There are some words you somehow never expect to hear said about yourself and “sprightly” is one of them. It’s one of those Catch 22 words. On the one hand it’s a compliment, because who would want to be the opposite of sprightly, whatever that might be. Sluggish? Creaky? On the other hand, whoever called a young person sprightly? Nimble, perhaps. Quick? A live wire? A bundle of fun? But sprightly seems to imply that you have reached, or are about to reach, the age and stage of not being sprightly. Sprightly implies a certain surprise as to your physical condition.
There are words and phrase that only old people seem to merit. There’s Dear. And then there’s good for your age or some variation thereupon. My dentist recently remarked that my teeth were in about as good condition as could be expected for my age. You’ve still got your own, she said. You can eat with them and they’re firmly attached. I mean, they’re not going anywhere…
Now, where would my teeth go? Would I wake up one morning to discover that all my precious gnashers had leapt out of my mouth overnight and were lined up on the duvet swinging their tiny suitcases. Well, they would chorus, toothsomely – we’ll be off. Sayonara!
And today, not one hundred yards from that dentist’s surgery, a lady in a blue carer’s uniform described me, to me, as seeming to be quite sprightly still. Not even sprightly, but a qualified sprightly.
I had gone, in desperation really, to my local charity for the aged. I knew I needed people to talk to – social interaction as they now call it. I knew I had been sitting indoors on my own for at least two years talking to the cats, talking to the TV, talking to this blog… and basically it wasn’t doing me any good. Furthermore I had endured four years, five maybe, of first creeping, then galloping, then all-consuming dementia with my mother and I didn’t want it! How hard could it be to be taken in a coach to the beach for ice creams, to decorate a wooden spoon, to make a paper hat, to sing along to crooners from twenty years before my time? Surely I could throw a bouncy plastic ball about or reminisce, when required?
Social interaction is one of the things they say you should do to avoid the dreaded D-thing – along with exercise, not smoking, not being overweight and intellectual challenges. I thought back over my mother’s long life and she seemed to have done almost everything right – she never smoked, never drank, was never more than an ounce overweight; was always determined to offer you a saucer of orange segments rather than something nicer, like biscuits.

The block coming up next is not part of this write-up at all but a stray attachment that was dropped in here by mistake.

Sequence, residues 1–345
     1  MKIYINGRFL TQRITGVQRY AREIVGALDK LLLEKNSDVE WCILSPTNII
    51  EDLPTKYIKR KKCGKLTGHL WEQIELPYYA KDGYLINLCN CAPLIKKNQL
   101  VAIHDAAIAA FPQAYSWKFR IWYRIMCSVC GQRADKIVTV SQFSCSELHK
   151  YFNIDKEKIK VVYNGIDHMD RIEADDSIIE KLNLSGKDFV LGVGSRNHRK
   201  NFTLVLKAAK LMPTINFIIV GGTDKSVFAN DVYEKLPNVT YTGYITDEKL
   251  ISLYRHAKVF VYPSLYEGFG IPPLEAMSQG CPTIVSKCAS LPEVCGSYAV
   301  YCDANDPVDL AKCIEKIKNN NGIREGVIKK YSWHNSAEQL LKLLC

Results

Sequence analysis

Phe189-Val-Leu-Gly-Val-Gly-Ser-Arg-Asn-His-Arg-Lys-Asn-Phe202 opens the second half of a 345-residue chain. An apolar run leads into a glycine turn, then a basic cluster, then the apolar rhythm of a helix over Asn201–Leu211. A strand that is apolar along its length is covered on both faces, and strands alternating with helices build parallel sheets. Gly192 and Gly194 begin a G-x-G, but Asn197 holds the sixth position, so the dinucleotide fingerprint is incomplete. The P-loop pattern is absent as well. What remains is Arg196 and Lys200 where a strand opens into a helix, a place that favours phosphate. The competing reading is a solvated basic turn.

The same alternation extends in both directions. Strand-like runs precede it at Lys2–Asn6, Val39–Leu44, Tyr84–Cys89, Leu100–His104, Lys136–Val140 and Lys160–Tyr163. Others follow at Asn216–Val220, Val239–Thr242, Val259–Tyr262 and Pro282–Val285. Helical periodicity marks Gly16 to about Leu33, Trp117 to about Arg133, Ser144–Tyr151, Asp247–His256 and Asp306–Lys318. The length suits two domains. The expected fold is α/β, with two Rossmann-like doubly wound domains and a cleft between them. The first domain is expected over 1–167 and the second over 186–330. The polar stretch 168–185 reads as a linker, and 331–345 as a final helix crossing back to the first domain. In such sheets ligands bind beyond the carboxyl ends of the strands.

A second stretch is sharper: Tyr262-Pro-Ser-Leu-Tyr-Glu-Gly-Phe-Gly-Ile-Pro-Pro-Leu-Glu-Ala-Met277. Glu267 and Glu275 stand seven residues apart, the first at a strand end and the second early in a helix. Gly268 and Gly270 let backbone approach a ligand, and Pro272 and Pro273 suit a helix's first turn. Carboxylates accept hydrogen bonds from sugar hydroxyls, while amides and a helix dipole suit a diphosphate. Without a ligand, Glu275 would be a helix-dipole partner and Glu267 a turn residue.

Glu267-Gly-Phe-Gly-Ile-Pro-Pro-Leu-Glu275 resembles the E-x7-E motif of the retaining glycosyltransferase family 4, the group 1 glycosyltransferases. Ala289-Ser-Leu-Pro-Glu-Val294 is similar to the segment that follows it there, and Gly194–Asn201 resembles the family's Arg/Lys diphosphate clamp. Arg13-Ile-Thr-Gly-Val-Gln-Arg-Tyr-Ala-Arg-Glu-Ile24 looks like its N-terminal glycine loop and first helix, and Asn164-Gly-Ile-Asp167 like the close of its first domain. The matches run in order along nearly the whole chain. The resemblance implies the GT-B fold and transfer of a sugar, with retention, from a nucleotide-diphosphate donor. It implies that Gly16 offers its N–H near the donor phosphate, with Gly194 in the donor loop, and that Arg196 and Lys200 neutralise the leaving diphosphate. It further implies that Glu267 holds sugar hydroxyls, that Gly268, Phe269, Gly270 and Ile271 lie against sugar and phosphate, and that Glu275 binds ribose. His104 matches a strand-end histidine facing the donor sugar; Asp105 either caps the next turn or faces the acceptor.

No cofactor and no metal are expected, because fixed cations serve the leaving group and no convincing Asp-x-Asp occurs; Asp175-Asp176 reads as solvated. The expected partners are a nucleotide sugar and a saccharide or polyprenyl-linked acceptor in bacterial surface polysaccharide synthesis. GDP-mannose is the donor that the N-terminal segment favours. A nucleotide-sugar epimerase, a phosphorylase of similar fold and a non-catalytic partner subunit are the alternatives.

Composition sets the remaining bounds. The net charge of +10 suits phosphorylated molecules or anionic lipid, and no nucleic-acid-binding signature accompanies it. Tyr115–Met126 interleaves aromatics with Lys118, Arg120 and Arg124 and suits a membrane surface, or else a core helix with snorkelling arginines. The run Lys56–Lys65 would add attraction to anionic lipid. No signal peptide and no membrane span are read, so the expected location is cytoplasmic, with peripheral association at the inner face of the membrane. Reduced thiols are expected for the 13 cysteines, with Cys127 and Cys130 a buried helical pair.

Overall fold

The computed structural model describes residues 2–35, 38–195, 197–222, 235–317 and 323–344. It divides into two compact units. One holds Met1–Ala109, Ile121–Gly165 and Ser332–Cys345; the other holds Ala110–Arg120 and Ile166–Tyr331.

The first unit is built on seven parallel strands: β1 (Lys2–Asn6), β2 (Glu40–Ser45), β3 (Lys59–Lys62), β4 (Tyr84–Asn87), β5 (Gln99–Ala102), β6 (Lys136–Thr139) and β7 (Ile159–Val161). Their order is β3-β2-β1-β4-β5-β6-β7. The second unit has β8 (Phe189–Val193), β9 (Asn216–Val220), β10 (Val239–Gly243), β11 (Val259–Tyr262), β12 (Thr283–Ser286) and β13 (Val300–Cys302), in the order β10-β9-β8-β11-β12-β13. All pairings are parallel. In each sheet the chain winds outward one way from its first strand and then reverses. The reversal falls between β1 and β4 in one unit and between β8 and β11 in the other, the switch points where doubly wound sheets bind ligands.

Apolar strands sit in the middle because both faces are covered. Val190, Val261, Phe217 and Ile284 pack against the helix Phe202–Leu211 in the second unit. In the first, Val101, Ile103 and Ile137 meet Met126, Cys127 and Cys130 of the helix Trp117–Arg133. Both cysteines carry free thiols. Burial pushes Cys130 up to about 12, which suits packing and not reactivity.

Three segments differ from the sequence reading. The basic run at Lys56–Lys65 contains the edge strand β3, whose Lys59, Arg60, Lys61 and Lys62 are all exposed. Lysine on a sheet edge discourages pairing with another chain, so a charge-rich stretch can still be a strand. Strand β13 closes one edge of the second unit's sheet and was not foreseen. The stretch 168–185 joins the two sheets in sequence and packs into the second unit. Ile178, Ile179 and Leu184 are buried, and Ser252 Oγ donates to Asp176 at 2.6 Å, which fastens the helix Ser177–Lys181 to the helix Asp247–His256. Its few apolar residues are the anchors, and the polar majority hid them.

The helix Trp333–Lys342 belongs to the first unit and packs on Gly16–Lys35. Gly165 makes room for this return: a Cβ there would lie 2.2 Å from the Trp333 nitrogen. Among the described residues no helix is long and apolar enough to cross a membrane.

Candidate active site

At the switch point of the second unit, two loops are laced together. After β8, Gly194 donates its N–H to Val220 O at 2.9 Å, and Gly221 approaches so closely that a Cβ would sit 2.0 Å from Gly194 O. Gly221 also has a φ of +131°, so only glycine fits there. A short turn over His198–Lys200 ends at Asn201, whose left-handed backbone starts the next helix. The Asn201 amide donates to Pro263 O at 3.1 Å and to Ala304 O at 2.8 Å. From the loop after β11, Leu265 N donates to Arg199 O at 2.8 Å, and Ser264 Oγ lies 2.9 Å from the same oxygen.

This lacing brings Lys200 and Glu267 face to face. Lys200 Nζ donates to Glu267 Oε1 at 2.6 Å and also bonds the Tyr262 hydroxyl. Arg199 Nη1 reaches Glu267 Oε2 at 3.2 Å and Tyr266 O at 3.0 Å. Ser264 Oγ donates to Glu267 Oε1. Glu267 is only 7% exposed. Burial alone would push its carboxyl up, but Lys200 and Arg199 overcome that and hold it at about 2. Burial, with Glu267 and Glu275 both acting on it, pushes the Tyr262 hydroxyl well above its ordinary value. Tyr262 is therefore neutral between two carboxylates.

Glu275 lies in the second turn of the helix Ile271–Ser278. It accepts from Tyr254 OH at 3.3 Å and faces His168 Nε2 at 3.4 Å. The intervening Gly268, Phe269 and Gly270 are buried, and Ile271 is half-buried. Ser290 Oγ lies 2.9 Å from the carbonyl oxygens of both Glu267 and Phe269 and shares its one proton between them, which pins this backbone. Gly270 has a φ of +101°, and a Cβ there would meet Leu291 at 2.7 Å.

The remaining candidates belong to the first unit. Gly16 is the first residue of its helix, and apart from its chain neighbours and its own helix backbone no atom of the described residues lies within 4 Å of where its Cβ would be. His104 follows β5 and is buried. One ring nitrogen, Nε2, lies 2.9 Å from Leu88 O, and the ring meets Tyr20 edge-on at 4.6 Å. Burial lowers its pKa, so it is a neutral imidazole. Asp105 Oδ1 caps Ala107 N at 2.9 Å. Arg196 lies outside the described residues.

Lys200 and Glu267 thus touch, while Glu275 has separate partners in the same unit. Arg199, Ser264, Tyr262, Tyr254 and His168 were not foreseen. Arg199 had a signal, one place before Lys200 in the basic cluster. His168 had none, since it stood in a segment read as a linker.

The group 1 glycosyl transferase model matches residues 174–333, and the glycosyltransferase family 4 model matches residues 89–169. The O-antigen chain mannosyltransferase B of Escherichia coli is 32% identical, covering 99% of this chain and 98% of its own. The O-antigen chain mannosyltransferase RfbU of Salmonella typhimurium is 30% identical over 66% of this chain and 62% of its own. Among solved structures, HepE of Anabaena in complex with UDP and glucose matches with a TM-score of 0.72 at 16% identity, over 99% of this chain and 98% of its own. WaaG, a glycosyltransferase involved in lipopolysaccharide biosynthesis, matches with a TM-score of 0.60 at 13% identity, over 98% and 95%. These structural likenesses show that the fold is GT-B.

Until earlier this year, battiness notwithstanding, she could walk for an hour and a half, out into the traffic and over busy main roads with never a glance to left or right, at a pace that left daughters and pursuing social workers puffing to keep up. All her life she had walked, she had cycled, she had spent long days in the garden, out in the mid-day sun like mad dogs and Englishmen, heaving up tree roots or whatever. She was just one huge accusation to her weary and slothful progeny. And still she got dementia.
The only thing she did fall down on was the social interaction. Increasingly deaf (though there is a question now as to how much was deafness and how much a cover up for a growing inability to process language) and profoundly shy, she had avoided other people all her life. Dad did the talking, always. After Dad died I printed out lists for her and marked things with pencil X’s – things she might like to join – deaf groups, knitting groups, chatting groups, book groups – all which she filed, neatly, without even reading.
And now here I was, going the same way if I wasn’t careful. And there I stood, in the middle of the day care centre, surrounded by very, very old people at circular tables, drinking breakfast tea and eating, by the smell of it and from the pale blue haze that hung in the room illuminated by shafts of winter sunlight, very burnt toast. Burnt toast makes me cough.
It was no good. Try as I might I was going to stick out like a sore thumb here. It said Over 50s on the website, but no one here was that young. Or sprightly. I could have been any one of their daughters. I started to back towards the door, politely, and that was when she performed a lightning change of tack, that cheery lady in the blue uniform.
You still appear to be quite sprightly, and you can drive. We’re desperate for volunteers…
And away I went, with a sheaf of forms to fill in and return at my earliest convenience.
Featured Image: Ronald Searle “Gay and Sprightly” 1994